Rule of Thumb Not as Creepy as I Thought

Tuesday, July 18th, 2017

Many women have been told that the term “rule of thumb” has its origins in ancient English law and that it was a rule limiting the thickness of a stick with which a man could use to legally beat his wife. I was told this by a professor of legal history at Cambridge University in England, so I saw no reason to doubt the tale.

Kate Dolan tests the rule of thumb

My husband seems to have found an acceptable switch!

If I’d read more recent research on the subject, I’d know better.

To begin with, the Oxford English Dictionary shows the first use of the phrase “rule of thumb” occurring in 1692. This is far from an ancient legal concept—in fact, for British law, I’d say it’s relatively recent. But in 1692 the phrase was not used with a legal connotation at all. (more…)

Six Ways to Save Money on a Cruise

Wednesday, June 7th, 2017

Vacationing aboard a cruise ship offers a way to relax and sample a variety of exotic locations while keeping within a fixed budget–or so it would seem. After all, you pay up front for your lodging, transportation and meals, so you don’t have to worry that you’ll have blown your food budget by day four and be forced to starve for the rest of your trip.Kate Dolan writes about saving money on cruises However, extra expenses on a cruise can accumulate like barnacles on the hull and provide a nasty shock that overshadows the great memories. There are ways to reduce some of these expenses and save money on a cruise, so if you’d like to keep your trip on budget, try some of these tips. (more…)

Our Biggest Waste of Money Ever?

Friday, April 28th, 2017

As I write this, I’m sitting in the car on my way to Ft. Frederick State Park in Western Maryland. My husband is driving, and the fact that I’m not is a luxury. For so many years, we needed two cars for this trip.Kate Dolan's kids explore the Ft Frederick Market Fair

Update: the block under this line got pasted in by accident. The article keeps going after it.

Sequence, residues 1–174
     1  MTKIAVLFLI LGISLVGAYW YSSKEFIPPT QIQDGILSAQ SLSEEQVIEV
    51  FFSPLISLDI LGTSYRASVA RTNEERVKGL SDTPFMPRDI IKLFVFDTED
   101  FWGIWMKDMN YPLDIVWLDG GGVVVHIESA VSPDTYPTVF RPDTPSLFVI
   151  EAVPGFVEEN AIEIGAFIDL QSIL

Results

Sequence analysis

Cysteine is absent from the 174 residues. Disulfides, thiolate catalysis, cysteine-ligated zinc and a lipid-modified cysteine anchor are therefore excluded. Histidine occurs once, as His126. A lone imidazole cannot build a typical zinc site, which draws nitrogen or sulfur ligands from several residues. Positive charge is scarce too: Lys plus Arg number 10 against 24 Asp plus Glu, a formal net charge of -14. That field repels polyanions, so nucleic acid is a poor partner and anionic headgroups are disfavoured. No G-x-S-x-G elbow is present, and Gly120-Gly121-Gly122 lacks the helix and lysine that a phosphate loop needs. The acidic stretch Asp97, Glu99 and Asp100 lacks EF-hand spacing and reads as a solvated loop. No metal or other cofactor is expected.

We’re headed to the 18th Century Market Fair to camp — reenacting the past with some modern conveniences thrown in. When I first made this trek sixteen years ago, I just dressed in my not-very-accurate colonial best, grabbed some money, and hit the road. I had no idea what to expect, but the new friends who’d told me about the event would be camping there, and I thought there was a chance I might crash with them overnight. So I brought a toothbrush and a contact lens case.

I would never travel that light again, not by a long shot.

After I parked, paid my entrance fee and walked up to the entrance, I found myself suddenly surrounded by acres of white canvas tents and thousands of people who looked like they’d never seen a cell phone, running water or even a train. I was overwhelmed–both thrilled and a little horrified at the same time. (more…)

Now You See It: The History of the Baseball

Monday, April 3rd, 2017

On Opening Day, lots of people will be paying attention to the game of baseball. But not too many will be paying attention to the ball itself. We take it for granted that the little leather-covered sphere will curve when it’s supposed to and fly out of the park when it’s smacked hard enough.

But that wasn’t always the case.Kate Dolan writes about the history of the baseball

In the early days, pitchers usually made their own baseballs, winding yarn around a rock or walnut in their own distinct patterns to confound batters. Even when the balls became more standardized in the late 1870s with a rubber core and a leather cover cut in the traditional figure eight pattern just like balls today, the early baseballs would usually fall apart by the end of the game. They also differed from modern baseballs in that they were considered “dead.”
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Molly Bannaky – The Amazing Woman Who May Have Existed

Saturday, March 25th, 2017

There is no doubt that Benjamin Banneker was a remarkable man and I argued in an earlier blog post that he should be considered among the Founding Fathers. Since March is Women’s History Month, I thought it would be great to write about his grandmother, Molly Bannaky. Her story was memorialized in a children’s book published about 18 years ago. She was a milkmaid in England convicted of theft because of a spilled pail of milk. Fortunately, she was able to avoid being hanged for theft because she knew how to read, and therefore she was eligible to be transported to the American colonies as an indentured servant.Kate Dolan writes about Benjamin Banneker's grandmother Molly Bannaky